We're not lost, Sergeant, We're in … France


2019-2020 Military Classics Seminar Schedule

While my own schedule has changed to preclude much attendance, I’m still a big supporter….

Place: Athena Pallas Greek Restaurant

556 22nd Street, South, Arlington, VA 22202

Menu: Order from the regular menu

Schedule: 5:30 Gathering

6:30 Dinner

7:30 Discussion

Cost: $35

September 17, 2019
Hone, Trent. Learning War: The Evolution of Fighting Doctrine in the U.S. Navy, 1898-1945. 2018.

Speaker: Keith W. Bird, Chancellor-Emeritus, Kentucky Community and Technical College System

October 15, 2019
Appleman, Roy E. South to the Naktong, North to the Yalu. Washington, D.C., 1962.

Speaker: William M. Donnelly, U.S. Army Center of Military History

November 19, 2019
Hosler, John D. The Siege of Acre, 1189–1191: Saladin, Richard the Lionheart, and the Battle That Decided the Third Crusade. 2018.

Speaker: Kelly DeVries, Professor of History, Loyola University Maryland

January 21, 2020
Gaddis, John Lewis. On Grand Strategy. 2018.

Speaker: Tom Keaney, senior fellow, Merrill Center for Strategic Studies, Johns Hopkins Univ, SAIS

February 18, 2020
Grant, Ulysses S. The Personal Memoirs of Ulysses S. Grant. The Complete Annotated Edition. Ed. John F. Marszalek et al. 2017.

Speaker: Christopher Hamner, Associate Professor, Dept. of History and Art History, George Mason University March 17, 2020

March 17, 2020
Ibrahim, Raymond. Sword and Scimitar: Fourteen Centuries of War Between Islam and the West. 2018.

Speaker: Jonathan Schanzer, Senior Vice President, Foundation for Defense of Democracies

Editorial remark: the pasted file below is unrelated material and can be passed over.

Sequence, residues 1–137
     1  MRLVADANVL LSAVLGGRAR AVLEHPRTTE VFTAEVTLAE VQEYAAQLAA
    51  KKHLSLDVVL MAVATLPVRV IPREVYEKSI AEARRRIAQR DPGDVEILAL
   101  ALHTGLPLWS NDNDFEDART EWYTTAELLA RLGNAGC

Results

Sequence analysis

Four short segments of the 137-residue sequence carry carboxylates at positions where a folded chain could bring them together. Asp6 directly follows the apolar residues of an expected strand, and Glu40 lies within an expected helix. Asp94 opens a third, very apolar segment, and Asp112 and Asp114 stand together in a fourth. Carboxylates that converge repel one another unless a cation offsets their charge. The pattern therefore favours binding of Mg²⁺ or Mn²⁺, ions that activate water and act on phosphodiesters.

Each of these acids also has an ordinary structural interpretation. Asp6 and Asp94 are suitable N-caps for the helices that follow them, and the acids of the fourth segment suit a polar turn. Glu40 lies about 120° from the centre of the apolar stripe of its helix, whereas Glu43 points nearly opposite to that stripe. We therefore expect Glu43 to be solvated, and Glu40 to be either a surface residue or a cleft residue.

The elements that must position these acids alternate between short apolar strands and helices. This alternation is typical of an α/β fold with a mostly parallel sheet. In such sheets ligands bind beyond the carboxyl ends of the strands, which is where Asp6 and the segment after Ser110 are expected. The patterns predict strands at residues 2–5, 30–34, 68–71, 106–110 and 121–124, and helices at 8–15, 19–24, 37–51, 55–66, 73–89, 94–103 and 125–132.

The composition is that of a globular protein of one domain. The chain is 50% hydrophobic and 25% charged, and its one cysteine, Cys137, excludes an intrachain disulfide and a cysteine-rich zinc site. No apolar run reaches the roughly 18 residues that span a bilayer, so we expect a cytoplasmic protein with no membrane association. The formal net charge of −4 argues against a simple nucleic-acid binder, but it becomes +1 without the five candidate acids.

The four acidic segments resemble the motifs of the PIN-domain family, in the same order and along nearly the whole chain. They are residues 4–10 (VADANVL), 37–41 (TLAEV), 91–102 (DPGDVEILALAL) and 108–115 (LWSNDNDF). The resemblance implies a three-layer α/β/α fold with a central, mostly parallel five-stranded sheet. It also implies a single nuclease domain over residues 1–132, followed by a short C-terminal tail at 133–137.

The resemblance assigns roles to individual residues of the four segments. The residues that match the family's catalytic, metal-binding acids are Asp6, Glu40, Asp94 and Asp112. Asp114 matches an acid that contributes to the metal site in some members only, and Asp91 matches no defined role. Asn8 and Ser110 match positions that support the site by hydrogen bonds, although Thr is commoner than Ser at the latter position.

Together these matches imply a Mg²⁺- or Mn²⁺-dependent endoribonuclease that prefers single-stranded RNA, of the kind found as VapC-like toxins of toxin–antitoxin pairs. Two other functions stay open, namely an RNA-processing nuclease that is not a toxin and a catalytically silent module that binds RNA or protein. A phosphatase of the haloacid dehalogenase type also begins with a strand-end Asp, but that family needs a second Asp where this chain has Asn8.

April 21, 2020
du Picq, Charles Jean Jacques Joseph Ardant. Battle Studies. Translated and edited by Roger J. Spiller. 2017.

Speaker: Jennie Kiesling, Professor of History and Head Novice Rowing Coach, United States Military Academy

May 19, 2020
Bourque, Stephen Alan. Beyond the Beach: The Allied War Against France. 2018.

Speaker: Conrad Crane, Chief of Historical Services, US Army Heritage and Education Center

June 16, 2020
Julius Caesar, The Landmark Julius Caesar: The Complete Works: Gallic War, Civil War, Alexandrian War, African War, and the Spanish War. Kurt A. Raaflaub and Robert B. Strassler, eds. 2017.

Speaker: Joseph Frechette, Staff historian, U.S. Army Intelligence and Security Command

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Korean War Commemoration, 27 July 2012
6 July 2012, 09:15
Filed under: Korea, Veterans | Tags: , ,

On the Korean War Armistice Day 2012, the Department of Defense will hold a commemoration ceremony at Arlington National Cemetery’s Tomb of the Unknown Soldier, starting at 9:00am. This event is open to the public and kicks off with a wreath-laying ceremony and keynote remarks by Secretary of Defense Leon Panetta. To RSVP for this, go to http://koreanwar.defense.gov/july27rsvp.html There are buses available for veterans from a number of locations, as far away as Baltimore, Annapolis and Richmond. There will also be a local shuttle for those wishing to drive and park at the Navy Annex.

Additionally, in the evening, Korea’s Ministry of Patriots and Veterans Affairs is hosting a banquet in honor of Korean War Veterans at the Sheraton Pentagon City Hotel (which is actually across the highway from Pentagon City mall) starting at 5pm. To RSVP for that, contact Monika Stoy via email at monikastoy@yahoo.com or phone 703-912-4218 or 571-419-8915 by July 13th.



Weekend Wanderings, Dragoon Weekend 2011